cravateer, n.[‘ A person employed to tie cravats or neckties.’]
from the OED WOTD
mubble fubbles, n. [‘ A state of depression or melancholy; despondency, low spirits. Chiefly in in (also out of) one’s mubble-fubbles.’]
From the OED WOTD
pavisand, v. [‘ intr. To display an impressive or opulent array of clothing and ornament; to flaunt one’s appearance.’]
from the OED WOTD
primerole, n. ‘ Any of several flowers of early spring, esp. the primrose (Primula vulgaris), the cowslip (P. veris), and the field daisy (Bellis perennis). Also fig.: a pretty young woman.’
Thurber on Harold Ross of The New Yorker:
When I first met him he asked me if I knew English. I thought he meant French or a foreign language. But he repeated, “Do you know English?” When I said I did he replied, “Goddamn it, nobody knows English.” As Andy White mentioned in his obituary, Ross approached the English sentence as though it was an enemy, something that was going to throw him. He used to fuss for an hour over a comma.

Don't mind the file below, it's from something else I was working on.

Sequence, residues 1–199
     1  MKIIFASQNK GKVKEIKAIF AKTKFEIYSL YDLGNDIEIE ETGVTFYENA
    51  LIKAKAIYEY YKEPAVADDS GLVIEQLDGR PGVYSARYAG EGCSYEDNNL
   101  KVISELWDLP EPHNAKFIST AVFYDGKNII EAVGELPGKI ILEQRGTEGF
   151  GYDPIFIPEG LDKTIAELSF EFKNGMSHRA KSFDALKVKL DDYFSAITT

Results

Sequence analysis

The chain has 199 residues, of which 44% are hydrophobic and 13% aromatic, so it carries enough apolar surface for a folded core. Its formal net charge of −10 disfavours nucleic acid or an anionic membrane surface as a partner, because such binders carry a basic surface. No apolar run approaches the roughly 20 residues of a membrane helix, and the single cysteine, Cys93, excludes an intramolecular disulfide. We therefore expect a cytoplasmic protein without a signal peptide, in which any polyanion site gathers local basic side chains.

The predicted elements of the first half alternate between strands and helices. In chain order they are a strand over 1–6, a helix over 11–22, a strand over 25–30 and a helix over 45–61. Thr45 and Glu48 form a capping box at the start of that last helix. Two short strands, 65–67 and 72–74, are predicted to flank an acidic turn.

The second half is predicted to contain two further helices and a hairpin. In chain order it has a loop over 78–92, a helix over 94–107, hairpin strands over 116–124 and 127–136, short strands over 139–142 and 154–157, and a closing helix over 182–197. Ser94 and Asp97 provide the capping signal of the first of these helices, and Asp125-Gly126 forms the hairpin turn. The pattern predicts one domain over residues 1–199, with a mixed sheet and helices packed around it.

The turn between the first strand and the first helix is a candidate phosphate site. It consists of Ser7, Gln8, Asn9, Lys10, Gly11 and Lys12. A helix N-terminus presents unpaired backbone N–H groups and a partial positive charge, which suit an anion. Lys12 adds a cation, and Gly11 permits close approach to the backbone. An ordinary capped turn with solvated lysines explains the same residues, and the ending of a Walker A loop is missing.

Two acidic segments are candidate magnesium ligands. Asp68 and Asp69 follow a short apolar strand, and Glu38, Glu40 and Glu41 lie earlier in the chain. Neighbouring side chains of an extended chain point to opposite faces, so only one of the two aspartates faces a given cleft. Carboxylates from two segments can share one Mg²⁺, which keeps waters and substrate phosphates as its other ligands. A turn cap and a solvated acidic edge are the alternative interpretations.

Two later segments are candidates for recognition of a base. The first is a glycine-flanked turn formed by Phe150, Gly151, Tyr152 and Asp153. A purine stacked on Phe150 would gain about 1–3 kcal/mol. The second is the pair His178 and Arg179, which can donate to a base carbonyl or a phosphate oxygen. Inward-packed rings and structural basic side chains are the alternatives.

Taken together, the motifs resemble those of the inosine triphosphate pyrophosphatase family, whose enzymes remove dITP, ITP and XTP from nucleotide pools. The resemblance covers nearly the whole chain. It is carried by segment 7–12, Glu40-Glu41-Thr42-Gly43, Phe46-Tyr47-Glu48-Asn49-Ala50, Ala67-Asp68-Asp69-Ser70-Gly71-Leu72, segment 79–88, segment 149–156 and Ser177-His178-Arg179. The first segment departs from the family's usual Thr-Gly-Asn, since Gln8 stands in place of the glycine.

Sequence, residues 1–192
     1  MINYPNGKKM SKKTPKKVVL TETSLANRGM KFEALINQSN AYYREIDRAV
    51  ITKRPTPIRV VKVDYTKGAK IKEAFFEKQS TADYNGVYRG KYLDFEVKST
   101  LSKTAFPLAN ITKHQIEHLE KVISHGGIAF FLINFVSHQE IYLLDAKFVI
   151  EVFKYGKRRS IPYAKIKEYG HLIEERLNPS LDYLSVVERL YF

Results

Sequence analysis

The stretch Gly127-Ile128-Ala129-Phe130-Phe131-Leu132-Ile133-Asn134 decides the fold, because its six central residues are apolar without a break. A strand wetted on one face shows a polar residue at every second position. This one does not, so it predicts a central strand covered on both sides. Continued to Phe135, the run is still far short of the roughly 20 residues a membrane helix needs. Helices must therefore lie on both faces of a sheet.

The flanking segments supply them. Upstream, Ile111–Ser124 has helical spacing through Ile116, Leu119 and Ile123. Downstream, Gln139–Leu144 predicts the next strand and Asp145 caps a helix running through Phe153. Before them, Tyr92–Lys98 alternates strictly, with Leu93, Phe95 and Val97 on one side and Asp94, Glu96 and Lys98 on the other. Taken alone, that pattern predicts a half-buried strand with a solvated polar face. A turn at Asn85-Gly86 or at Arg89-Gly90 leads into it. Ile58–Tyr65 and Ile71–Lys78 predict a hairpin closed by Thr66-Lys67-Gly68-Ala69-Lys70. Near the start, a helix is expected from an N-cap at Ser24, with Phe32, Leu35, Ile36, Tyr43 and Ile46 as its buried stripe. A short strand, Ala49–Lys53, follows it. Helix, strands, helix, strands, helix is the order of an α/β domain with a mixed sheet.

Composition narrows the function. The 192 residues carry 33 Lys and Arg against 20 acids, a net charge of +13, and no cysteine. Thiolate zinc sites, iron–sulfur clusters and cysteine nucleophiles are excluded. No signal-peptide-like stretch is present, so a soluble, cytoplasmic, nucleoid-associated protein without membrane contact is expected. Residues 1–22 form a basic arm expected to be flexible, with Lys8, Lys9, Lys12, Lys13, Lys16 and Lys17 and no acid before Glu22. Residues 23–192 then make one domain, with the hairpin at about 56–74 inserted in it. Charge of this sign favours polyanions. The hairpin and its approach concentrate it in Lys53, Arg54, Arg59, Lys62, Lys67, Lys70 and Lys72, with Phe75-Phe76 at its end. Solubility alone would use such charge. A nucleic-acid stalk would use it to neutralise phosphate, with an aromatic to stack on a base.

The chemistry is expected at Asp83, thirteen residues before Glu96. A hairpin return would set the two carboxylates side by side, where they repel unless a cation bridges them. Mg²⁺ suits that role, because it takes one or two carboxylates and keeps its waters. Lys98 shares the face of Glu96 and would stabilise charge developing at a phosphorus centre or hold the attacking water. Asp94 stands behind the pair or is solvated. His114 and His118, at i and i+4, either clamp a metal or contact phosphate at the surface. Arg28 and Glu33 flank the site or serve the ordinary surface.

To get technical, dialects are varieties of a language that have their own set of speakers with their own vocabulary, grammatical rules, and accent, and they can be regional, socioeconomic, ethnic, tonal, and even a combination thereof. American English has eight major dialects–or 24, or hundreds, depending on who you ask and what they define as a “dialect.” Most of us don’t just speak a dialect, but switch between several depending on where, why, and how we are. And this is frustrating for the people who think that language shouldn’t be bound by culture, era, or region: that one kind of English (usually theirs) is good enough for every single English speaker in the world, all the time.
Great post from Kory Stamper at Harmless Drudgery, “In defense of talking funny”
Squee! Sentence diagramming! The perfect gift for National Grammar Day. Or my birthday (from PopChart Lab):